I have twice had to follow presentations Brian Moss, who died last week, at scientific meetings and on both occasions it was a daunting experience. He had a reputation as a fine scientist, and brought pure ecological thinking to applied science problems in a way that no other freshwater scientist has, in my opinion, ever bettered. He was, however, extremely critical of the way that Europe, and the UK in particular, had gone about implementation of the Water Framework Directive. As most of my work over the past decade has focused on just that, a difference of opinion was inevitable. As the eminent professor, he inevitably started proceedings, giving a witty and erudite plenary talk which won the audience onto his side. When he sat down and the applause had died away, the hapless defenders of the flawed status quo would start their talks on the back foot. However, he usually had a twinkle in his eye as he spoke, and I always enjoyed our discussions before and after the sessions.
I remember one occasion in particular, at the British Phycological Society meeting in Birmingham when I had to follow him. I had a talk prepared and, as he spoke, I saw my carefully planned arguments being undermined and demolished one by one. I stood up in front of the audience and said: “I agreed with about a third of what Brian said, I disagreed with a third, and the other third I missed because I was rewriting my own talk …” A decade on, I still disagree with much of what he wrote about the Water Framework Directive. His scientific logic was usually flawless, but he was never very cognizant of the way that large public sector bodies operated, and the compromises that were necessary to get 28 countries working together. Perhaps he didn’t need to be: I wrote to him after he was awarded the CIEEM Medal in 2010, saying that he was “the piece of grit in the oyster shell that was necessary if a pearl of great price was to be produced”.
The first edition of his textbook Ecology of Freshwaters was one of the first books about freshwater science that I read, and one of the very first seminars that I attended was a talk by him on his work on the Norfolk Broads. In that talk, he managed to make ecology both fascinating and relevant, and that, in turn, probably encapsulates his career. His textbook, now in the fourth edition, is now a book that I recommend to my own students, and I also suggest that they might like to try “Lakes, Lochs and Loughs”, his most recent work (an update of Macan and Worthington’s classic New Naturalist book on lakes) as lighter background reading. We live in a world where the specialist is valued over the generalist, and it was refreshing to follow Brian’s text as he wrote knowledgably about all the different groups of organisms that inhabit our standing waters, and how they interact. I thought the book was a little over-written in places, but he succeeds in finding some clever metaphors as he attempts to make the intricacies of freshwater science accessible to wider audiences.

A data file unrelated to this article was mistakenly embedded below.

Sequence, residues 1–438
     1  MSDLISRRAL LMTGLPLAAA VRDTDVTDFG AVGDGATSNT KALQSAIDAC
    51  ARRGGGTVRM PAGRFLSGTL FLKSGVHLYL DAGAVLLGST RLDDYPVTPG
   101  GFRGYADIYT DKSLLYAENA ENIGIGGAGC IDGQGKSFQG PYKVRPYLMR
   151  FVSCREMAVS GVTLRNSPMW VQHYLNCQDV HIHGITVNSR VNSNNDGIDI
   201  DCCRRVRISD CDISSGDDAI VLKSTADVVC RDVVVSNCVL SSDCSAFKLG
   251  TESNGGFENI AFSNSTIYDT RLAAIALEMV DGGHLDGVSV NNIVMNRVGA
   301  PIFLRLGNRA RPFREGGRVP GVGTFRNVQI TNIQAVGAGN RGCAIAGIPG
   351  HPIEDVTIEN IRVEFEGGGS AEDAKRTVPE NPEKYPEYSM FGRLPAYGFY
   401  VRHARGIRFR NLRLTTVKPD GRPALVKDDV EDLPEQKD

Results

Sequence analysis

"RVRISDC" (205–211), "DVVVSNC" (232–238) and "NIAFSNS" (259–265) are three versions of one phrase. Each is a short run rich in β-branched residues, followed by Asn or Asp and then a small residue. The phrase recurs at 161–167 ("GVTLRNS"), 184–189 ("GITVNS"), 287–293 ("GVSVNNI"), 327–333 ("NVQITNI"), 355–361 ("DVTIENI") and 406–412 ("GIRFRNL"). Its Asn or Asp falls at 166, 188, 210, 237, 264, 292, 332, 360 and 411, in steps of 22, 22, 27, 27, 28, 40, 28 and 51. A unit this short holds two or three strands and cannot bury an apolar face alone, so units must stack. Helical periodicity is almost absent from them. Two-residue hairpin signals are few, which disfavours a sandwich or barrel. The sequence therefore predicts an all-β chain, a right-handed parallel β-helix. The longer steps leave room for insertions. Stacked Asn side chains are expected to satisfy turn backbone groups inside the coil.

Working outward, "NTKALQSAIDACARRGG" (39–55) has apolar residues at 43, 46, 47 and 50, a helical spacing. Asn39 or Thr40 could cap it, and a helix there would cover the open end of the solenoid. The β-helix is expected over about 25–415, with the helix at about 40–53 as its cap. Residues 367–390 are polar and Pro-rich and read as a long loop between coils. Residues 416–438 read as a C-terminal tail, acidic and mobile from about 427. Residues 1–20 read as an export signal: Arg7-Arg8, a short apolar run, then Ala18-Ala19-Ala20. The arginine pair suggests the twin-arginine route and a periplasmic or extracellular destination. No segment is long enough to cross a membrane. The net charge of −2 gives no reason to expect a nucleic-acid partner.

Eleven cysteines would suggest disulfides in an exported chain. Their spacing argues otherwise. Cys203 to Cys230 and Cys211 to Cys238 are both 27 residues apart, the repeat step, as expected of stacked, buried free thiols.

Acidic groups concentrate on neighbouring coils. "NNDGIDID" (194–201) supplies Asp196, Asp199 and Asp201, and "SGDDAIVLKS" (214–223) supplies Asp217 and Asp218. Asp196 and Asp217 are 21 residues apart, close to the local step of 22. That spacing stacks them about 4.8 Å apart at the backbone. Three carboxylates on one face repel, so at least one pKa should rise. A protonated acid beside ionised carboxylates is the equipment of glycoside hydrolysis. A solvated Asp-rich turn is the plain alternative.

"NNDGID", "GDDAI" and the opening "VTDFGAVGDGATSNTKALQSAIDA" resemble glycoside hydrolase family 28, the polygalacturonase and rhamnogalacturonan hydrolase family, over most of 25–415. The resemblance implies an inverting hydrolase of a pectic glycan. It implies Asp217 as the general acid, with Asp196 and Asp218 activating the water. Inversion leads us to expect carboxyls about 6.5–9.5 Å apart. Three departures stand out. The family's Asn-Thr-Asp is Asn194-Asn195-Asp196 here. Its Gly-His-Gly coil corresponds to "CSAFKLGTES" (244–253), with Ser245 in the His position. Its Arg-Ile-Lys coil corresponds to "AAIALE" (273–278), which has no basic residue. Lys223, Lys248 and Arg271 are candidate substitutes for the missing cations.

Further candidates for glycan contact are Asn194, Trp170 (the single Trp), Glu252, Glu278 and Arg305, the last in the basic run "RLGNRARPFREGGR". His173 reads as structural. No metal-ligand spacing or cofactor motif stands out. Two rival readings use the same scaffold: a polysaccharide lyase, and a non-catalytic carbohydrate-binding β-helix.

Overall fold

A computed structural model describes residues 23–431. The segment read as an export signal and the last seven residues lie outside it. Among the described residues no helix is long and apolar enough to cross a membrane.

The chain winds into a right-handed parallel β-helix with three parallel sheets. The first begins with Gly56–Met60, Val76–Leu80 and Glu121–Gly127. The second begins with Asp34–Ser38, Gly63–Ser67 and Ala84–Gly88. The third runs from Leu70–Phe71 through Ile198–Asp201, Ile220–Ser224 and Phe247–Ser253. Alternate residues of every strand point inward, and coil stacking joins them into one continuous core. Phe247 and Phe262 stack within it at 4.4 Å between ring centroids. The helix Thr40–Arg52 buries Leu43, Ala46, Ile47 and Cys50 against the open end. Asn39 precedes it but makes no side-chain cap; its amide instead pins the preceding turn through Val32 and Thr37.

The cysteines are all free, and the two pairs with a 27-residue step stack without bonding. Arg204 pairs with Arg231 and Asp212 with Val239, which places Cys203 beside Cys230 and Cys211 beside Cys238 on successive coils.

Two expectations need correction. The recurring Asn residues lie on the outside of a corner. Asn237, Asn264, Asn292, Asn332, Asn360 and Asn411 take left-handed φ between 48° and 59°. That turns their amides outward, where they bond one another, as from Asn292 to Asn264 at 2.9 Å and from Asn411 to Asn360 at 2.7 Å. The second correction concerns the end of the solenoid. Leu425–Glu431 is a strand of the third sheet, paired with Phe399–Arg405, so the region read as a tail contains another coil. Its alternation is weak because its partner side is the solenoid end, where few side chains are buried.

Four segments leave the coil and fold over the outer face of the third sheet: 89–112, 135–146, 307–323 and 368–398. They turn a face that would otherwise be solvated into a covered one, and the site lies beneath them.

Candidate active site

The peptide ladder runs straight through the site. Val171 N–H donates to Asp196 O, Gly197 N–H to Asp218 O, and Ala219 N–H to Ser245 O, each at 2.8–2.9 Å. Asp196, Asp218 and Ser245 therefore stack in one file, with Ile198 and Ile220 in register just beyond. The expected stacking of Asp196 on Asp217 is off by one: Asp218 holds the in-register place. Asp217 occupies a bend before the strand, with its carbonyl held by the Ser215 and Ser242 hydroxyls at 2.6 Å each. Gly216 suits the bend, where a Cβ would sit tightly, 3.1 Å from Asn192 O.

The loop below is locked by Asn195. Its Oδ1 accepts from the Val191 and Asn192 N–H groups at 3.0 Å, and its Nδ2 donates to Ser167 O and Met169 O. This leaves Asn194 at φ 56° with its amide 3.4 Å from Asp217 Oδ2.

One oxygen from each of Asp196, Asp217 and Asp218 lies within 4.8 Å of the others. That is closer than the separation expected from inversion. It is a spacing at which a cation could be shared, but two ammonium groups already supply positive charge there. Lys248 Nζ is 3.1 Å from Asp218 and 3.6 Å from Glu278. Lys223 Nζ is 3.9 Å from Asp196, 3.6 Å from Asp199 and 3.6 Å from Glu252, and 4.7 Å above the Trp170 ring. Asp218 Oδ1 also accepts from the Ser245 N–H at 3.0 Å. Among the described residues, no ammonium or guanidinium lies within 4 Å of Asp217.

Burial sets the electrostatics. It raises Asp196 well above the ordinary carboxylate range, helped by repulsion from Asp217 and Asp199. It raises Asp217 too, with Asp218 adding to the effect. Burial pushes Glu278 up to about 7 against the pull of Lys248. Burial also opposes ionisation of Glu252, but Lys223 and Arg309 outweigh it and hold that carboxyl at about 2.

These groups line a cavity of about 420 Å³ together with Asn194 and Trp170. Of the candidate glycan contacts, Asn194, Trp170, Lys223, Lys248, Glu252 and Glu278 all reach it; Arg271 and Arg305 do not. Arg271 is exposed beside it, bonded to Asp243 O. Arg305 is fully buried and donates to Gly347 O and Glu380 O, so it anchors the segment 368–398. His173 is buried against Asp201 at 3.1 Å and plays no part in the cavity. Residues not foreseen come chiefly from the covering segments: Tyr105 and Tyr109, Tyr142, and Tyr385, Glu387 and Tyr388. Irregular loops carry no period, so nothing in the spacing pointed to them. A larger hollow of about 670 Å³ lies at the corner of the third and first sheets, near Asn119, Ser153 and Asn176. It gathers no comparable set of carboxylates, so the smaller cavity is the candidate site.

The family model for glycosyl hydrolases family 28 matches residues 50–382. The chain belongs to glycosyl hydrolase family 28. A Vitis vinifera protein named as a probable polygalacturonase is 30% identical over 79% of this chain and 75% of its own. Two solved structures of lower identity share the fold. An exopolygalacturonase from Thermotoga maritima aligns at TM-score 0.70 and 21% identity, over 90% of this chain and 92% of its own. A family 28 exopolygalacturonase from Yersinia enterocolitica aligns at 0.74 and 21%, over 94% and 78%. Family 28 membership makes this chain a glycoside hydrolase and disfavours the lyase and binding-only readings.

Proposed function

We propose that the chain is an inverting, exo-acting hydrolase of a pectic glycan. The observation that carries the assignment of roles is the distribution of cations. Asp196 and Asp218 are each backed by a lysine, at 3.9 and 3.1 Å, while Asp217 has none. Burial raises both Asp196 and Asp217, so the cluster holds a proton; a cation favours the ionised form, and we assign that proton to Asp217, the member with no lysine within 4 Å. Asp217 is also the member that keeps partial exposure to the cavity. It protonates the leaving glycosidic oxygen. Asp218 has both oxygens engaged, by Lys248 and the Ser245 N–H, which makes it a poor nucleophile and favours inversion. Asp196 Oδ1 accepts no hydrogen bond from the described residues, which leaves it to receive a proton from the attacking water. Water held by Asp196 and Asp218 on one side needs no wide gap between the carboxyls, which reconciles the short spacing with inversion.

Sometimes, we agreed to disagree. Once, I recall, after a vigorous discussion, we concluded by agreeing that the challenges that the Water Framework Directive posed were encapsulated by the apocryphal Chinese curse: “may you live in interesting times”. With Brian around, they usually were.